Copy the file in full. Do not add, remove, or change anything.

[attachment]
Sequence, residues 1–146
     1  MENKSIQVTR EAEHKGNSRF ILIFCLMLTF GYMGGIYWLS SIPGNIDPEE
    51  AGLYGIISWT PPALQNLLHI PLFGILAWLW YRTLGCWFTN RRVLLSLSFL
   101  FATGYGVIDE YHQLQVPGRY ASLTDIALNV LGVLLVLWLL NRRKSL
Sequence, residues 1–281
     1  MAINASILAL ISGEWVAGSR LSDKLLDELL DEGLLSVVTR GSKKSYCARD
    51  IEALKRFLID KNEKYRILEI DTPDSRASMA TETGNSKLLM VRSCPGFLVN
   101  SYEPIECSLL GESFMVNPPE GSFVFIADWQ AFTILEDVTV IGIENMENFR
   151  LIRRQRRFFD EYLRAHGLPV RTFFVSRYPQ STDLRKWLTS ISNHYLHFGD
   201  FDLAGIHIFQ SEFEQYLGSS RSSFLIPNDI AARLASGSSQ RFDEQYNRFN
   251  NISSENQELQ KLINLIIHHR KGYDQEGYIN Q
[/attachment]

Sequence, residues 1–146
     1  MENKSIQVTR EAEHKGNSRF ILIFCLMLTF GYMGGIYWLS SIPGNIDPEE
    51  AGLYGIISWT PPALQNLLHI PLFGILAWLW YRTLGCWFTN RRVLLSLSFL
   101  FATGYGVIDE YHQLQVPGRY ASLTDIALNV LGVLLVLWLL NRRKSL
Sequence, residues 1–281
     1  MAINASILAL ISGEWVAGSR LSDKLLDELL DEGLLSVVTR GSKKSYCARD
    51  IEALKRFLID KNEKYRILEI DTPDSRASMA TETGNSKLLM VRSCPGFLVN
   101  SYEPIECSLL GESFMVNPPE GSFVFIADWQ AFTILEDVTV IGIENMENFR
   151  LIRRQRRFFD EYLRAHGLPV RTFFVSRYPQ STDLRKWLTS ISNHYLHFGD
   201  FDLAGIHIFQ SEFEQYLGSS RSSFLIPNDI AARLASGSSQ RFDEQYNRFN
   251  NISSENQELQ KLINLIIHHR KGYDQEGYIN Q